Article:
The Abandoned Savior

   The thing that makes grace so glorious is the guilt that makes it so necessary.    Junior Hill

   One of the most haunting phrases in the Bible was uttered by Jesus on the cross, “Eloi, Eloi, lama sabacthani,” that is to say, “My God, my God, why have you forsaken me.”

   As I pondered this statement recently, I wondered at the fact that God would forsake His Son. When I think of the love that I feel toward my own sons, I don’t believe there is anything they could do to make me despise them. If there is such a thing, it would be so heinous and awful that I cannot imagine what it would be.

   If I, with a flawed capacity to love, can love my sons that much, how much does God, who can love perfectly, love His own Son? I cannot imagine how awful Jesus must have become in the sight of God as He hung on the cross.

   We know, of course, that it was the bearing of our sins that caused God to forsake His only begotten Son.

   Imagine, all of the offense, pain, destruction, disease, brokeness, horror, injustice and death that sin has ever caused, or ever will cause, was concentrated in the person of Jesus Christ in one moment of time.

   Imagine, the wrath of God that is revealed from heaven against all unrighteousness, the same wrath that flooded Creation, poured fire and brimstone upon Sodom and Gomorrah, visited the plagues upon Egypt and all of the other judicial actions of God’s holiness was poured upon one man, in one moment of time.

   In the midst of violent injustice, excruciating pain, horrible shame and the abandonment of His friends, the thing that caused Him the most grief was the knowledge that His Father had turned His back on Him.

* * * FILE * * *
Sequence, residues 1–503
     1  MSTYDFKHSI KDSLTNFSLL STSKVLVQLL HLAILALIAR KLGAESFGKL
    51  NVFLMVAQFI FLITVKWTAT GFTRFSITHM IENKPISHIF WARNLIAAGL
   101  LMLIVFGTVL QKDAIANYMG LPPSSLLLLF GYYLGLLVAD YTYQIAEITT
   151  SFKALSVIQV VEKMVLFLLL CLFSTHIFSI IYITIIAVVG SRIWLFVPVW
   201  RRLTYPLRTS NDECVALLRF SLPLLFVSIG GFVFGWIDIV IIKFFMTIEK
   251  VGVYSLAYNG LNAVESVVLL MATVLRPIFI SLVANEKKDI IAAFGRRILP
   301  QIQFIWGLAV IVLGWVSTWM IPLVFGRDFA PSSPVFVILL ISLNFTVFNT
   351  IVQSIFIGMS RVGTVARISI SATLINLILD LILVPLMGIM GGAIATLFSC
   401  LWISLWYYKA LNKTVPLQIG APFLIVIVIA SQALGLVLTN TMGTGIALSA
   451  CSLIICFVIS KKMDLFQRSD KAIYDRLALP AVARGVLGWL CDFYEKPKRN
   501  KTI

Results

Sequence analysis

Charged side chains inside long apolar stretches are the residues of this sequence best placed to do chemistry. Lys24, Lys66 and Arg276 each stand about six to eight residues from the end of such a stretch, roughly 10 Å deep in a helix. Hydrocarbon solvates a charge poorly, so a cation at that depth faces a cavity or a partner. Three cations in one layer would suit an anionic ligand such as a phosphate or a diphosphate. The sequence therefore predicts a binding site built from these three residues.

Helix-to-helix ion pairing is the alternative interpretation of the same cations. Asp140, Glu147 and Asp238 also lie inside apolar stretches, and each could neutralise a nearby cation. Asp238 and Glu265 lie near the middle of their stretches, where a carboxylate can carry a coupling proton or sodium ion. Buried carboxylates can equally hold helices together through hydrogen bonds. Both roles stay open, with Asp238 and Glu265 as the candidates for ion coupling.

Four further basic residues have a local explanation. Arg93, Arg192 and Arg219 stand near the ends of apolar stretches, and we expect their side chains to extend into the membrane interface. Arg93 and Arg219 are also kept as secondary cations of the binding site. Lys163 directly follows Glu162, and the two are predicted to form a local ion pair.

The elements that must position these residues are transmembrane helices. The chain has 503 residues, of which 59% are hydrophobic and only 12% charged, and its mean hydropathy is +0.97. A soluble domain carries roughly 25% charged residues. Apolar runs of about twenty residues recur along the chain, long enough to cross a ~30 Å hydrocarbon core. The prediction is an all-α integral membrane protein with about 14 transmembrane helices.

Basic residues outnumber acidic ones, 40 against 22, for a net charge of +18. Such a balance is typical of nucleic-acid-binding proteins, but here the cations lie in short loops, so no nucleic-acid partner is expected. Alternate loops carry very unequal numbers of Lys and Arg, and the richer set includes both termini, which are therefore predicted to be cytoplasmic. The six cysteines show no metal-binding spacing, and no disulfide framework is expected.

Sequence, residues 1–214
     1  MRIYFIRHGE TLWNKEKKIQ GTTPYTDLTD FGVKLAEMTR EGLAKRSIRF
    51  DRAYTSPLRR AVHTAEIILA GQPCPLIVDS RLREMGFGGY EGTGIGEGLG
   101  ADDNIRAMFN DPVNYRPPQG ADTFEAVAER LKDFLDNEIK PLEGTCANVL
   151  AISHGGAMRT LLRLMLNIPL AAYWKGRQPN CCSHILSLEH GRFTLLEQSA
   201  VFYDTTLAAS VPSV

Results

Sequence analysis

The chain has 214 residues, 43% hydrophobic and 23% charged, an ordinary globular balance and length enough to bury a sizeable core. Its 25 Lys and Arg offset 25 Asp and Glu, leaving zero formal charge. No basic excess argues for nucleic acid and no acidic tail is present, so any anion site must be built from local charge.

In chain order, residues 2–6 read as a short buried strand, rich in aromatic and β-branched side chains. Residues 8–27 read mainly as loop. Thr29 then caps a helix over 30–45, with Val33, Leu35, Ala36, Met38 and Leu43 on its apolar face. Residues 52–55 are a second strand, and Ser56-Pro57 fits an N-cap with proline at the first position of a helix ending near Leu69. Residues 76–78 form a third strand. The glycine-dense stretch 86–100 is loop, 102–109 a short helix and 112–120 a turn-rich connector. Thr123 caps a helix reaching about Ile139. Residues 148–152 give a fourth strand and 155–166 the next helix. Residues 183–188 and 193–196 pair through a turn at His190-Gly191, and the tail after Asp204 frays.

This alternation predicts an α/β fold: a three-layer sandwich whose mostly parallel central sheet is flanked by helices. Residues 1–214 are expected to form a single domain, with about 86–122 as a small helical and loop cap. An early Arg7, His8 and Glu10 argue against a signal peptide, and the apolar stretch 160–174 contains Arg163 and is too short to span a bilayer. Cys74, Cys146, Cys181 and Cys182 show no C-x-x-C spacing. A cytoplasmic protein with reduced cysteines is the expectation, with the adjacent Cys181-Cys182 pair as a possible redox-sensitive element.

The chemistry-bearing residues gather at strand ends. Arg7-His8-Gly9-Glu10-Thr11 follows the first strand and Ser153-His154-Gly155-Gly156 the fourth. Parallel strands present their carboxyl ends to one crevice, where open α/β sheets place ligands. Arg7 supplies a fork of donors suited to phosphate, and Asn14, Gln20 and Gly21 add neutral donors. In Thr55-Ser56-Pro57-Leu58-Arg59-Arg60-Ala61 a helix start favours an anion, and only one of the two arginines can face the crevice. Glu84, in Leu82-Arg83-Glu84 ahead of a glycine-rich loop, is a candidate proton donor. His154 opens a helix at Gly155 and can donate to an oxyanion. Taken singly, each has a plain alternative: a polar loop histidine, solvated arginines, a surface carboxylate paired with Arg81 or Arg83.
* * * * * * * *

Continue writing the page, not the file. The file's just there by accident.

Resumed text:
God declared Him guilty, as guilty as sin. My guilt. My sin. My shame. My cross. My death.

   Where sin abounded, grace did much more abound.

   He was wounded so that I could be healed.

   He was rejected so that I could be accepted.

   He was hated so that I could be loved.

   He was declared guilty so that I could be justified.

   He died so that I could live.

   He became what I was so that I can become what He is.

   Thank God for His wonderful, matchless, amazing grace.

   May my life be lived to the praise of the glory of that grace.


12 responses to “The Abandoned Savior

  1. I have no words. Hallelujah! What a Savior!

  2. Gordon, may God bless your life to be so. May He bless us all with this same desire.

  3. Beverly, I can relate. The more I think about this, the more inadequate I feel to describe it.

    KC, thanks, brother, and the same to you.

    Thank you, Matthew, it’s always good to hear from you.

  4. Janice, I didn’t mean to overlook your comment. I think we were posting on top of each other. Thanks for stopping by.

  5. no worries mate! I t wasn’t much of a comment anyway , My commnent that is .

  6. Thanks Bro. Gordon for these words, Before I forget that was a inspiring message this past Sunday! Thanks. I have much He has done for me to be thankful for ! The last three days I can’t praise Him enough ? Blessings Ron.

  7. Tim A. Blankenship

    That was great.
    I don’t know if the above states it very well or not.

  8. Thanks, Janice.

    Bro. Ron, I could tell Sunday that your cup was running over. If anyone hasn’t read the testimony you posted on your blog, they need to hurry over and do that.

    Bro. TA, you expressed what was in my heart as I was writing this.

  9. If I, with a flawed capacity to love, can love my sons that much, how much does God, who can love perfectly, love His own Son?

    Something that never ceases to amaze me is Jesus saying in John 17 that the Father loves as just as He loves Jesus. Wow! According to our precious Father we are actually worth the sacrifice that Jesus made. He abandoned Jesus so that He could be with us! Whew! I have a hard time wrapping my mind around that!

  10. It’s hard to comprehend sometimes isn’t it Raborn?

    Thanks for sharing your thoughts. I hope you have a blessed day.

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